ELLENROADXSTEAMXMUSEUM

New Hey, Rochdale

Adjacent M62, Jct 21

For Steam Enthusiasts !!

 

 

Updated: 25 Sept 2014

 

 

In 1892, a group of capital owners in the Newhey area south of Rochdale identified the need for a large mule spinning mill.

They built the Ellenroad Mill, 270,000 square feet of typical brick-built factory, beside the water source of the River Beal, along with the engine house, two large steam engines, supplied by J. & W. Mcnaught, and installed five Lancashire boilers all in the space of eighteen months, a feat which could probably not be achieved even today.

In 1916, a disastrous fire almost completely destroyed the mill, only the engine and boiler house survived.

In 1919, after the war years, it was decided to rebuild the mill using the modern technology of ring-spinning which demanded more power.

To meet this demand, the engines were upgraded and new, and higher pressure boilers were installed.

The modifications resulted in the present twin tandem compound engine, one of the largest and heaviest ever to run a spinning mill at 82 tons and just under 3000hp.

In 1970, it was decided to convert the machinery to individual electric drive, and as the process continued, the load on the steam engine was reduced until, in 1975, it was taken out of service.

In 1982, the Ellenroad Ring Spinning Company ceased trading on this site, and the property stood empty.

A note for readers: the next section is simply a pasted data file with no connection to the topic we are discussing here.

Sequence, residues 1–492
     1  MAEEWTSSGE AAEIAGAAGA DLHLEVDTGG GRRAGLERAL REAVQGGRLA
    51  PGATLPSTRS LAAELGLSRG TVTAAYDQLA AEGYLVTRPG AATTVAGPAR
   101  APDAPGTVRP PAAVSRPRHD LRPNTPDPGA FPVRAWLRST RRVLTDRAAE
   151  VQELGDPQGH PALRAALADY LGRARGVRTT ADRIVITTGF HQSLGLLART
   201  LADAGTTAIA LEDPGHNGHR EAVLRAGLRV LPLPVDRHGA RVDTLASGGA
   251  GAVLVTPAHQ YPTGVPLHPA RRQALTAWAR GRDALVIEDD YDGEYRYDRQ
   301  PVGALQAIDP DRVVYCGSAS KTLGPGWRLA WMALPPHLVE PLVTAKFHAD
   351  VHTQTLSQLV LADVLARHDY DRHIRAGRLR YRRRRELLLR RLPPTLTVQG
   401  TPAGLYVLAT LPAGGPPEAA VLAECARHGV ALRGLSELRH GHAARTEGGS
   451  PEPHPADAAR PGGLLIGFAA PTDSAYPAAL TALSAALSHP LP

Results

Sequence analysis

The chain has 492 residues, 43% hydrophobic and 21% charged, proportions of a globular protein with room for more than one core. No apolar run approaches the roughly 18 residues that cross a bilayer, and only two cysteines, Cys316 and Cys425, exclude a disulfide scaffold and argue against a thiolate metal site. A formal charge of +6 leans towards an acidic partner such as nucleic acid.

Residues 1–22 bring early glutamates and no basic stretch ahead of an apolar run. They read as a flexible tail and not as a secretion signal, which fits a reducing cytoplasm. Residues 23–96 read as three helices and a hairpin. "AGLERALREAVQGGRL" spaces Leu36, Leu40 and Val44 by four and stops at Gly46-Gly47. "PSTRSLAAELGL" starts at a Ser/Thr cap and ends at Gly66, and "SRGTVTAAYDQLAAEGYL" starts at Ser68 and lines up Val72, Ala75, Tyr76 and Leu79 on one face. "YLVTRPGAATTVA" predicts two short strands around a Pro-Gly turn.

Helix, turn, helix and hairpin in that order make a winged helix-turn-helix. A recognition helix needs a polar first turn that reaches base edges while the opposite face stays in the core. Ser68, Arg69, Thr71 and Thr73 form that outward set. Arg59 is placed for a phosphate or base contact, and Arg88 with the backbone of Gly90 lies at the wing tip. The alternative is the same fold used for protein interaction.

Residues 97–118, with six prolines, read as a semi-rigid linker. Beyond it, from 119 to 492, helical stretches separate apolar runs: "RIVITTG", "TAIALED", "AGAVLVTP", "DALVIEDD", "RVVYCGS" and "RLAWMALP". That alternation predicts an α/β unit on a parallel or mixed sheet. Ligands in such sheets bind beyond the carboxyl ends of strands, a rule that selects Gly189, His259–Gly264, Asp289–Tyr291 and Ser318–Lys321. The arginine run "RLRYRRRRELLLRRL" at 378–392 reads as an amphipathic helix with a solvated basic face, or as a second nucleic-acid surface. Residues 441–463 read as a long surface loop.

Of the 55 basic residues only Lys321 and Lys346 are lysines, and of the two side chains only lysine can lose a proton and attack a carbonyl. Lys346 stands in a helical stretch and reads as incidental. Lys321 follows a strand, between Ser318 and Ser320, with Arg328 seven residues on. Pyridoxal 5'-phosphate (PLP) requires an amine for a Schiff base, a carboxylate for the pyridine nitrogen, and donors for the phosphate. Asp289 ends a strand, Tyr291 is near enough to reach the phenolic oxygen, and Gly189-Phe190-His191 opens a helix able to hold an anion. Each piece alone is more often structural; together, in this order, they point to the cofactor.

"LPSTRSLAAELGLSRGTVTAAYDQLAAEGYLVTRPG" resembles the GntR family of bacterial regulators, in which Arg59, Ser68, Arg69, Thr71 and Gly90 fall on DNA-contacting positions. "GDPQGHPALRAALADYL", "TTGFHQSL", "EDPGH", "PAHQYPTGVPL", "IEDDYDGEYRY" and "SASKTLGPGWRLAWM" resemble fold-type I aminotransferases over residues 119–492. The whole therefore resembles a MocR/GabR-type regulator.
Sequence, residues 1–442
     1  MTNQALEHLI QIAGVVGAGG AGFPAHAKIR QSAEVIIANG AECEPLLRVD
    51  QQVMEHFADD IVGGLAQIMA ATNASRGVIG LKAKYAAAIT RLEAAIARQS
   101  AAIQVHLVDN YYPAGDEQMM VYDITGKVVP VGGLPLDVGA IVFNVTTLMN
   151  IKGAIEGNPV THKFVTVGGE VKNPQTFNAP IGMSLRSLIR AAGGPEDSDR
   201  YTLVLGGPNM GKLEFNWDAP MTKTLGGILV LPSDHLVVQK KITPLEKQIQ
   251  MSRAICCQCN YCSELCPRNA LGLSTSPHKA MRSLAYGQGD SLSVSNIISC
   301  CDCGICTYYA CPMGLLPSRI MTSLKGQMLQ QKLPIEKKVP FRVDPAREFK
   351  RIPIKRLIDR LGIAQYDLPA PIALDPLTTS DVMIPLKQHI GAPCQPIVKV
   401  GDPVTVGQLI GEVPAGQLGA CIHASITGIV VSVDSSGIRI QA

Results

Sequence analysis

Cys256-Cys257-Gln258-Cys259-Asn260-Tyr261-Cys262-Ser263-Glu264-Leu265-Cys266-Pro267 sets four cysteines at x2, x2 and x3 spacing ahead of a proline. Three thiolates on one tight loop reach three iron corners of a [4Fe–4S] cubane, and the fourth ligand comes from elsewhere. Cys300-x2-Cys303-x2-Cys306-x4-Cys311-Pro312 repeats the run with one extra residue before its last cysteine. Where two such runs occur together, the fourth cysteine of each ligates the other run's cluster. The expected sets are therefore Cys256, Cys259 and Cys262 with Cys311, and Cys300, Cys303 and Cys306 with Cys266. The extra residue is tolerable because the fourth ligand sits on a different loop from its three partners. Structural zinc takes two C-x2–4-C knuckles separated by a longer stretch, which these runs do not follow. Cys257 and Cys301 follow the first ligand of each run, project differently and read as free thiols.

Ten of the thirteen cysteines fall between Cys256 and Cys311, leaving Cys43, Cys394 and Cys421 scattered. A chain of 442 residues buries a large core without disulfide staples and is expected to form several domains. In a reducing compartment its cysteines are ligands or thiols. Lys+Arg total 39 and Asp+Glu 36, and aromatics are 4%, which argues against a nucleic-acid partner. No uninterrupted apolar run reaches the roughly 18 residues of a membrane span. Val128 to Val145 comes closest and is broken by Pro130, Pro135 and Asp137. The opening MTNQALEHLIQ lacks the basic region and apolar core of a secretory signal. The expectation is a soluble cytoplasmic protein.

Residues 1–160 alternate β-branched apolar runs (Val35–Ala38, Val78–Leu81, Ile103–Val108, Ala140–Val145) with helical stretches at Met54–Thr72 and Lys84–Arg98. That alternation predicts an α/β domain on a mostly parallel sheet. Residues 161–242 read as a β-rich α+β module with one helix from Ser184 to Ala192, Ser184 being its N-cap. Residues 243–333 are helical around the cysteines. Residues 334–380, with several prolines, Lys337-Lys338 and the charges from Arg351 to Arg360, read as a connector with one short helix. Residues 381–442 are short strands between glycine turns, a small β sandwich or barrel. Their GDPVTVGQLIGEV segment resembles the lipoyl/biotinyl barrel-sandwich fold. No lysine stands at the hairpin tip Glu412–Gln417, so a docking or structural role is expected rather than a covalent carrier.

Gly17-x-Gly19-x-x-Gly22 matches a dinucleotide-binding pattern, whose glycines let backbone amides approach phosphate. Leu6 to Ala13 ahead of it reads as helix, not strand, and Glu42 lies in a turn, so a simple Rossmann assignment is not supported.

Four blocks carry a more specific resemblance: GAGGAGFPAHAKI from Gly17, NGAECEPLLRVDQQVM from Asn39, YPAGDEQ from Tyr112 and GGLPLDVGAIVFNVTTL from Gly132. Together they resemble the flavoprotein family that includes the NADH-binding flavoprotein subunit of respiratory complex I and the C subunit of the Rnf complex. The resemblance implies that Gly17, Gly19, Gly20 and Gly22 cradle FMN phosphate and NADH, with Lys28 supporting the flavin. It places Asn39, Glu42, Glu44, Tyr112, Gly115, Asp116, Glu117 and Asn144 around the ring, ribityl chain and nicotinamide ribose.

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In 1984, the Ellenroad site was bought by Coates Brothers PLC to locate a modern plant for the production of highly specialised inks.

Coates assessed the site and decided to save the engines Victoria and Alexandra and associated plant.

In 1985, the Ellenroad Trust took over and began restoration work.One of the original coal-fired boilers from 1921 was refurbished to generate steam once more.

In 1986, the Trust acquired the Whitelees Beam Engine and installed it in the part of the old boiler house vacated by the redundant boilers.

This engine is a fine example of an early beam engine of 1842 and was originally installed at Whitelees Mill, Littleborough.

The Engine House is open and in steam on the first Sunday of each month (closed January). Admission from 11 a.m., with steaming from 12 noon to 4 p.m.

 

There are railway stations at Milnrow and Newhey, just a few minutes walk away on the Manchester Metrolink.

 

By road from Junction 21 of the M62, take the A640 south towards Shaw. Pass under the motorway, and then turn first right.

 

 

 

 

NK writes: Should the spelling be Ellen Road?

Researching this, I have discovered that the mill is actually located in Ellenroad Street . . .

 

 

 

 

At the heart of any steam driven cotton mill is the boiler house. Here we see the last remaining boiler of five Lancashire Boilers used to power the huge steam engines.

The original boilers were fuelled by coal brought to Newhey Station by train, then by horse and cart or latterly wagons to the site.

This was introduced into the furnaces by a mechanical sprinkler system driven by belt shafting above the boilers.

This boiler has two hand fed hoppers dropping coal onto a screw transporter system into the furnace where air is introduced under the grate together with natural draught from the 220 ft chimney stack.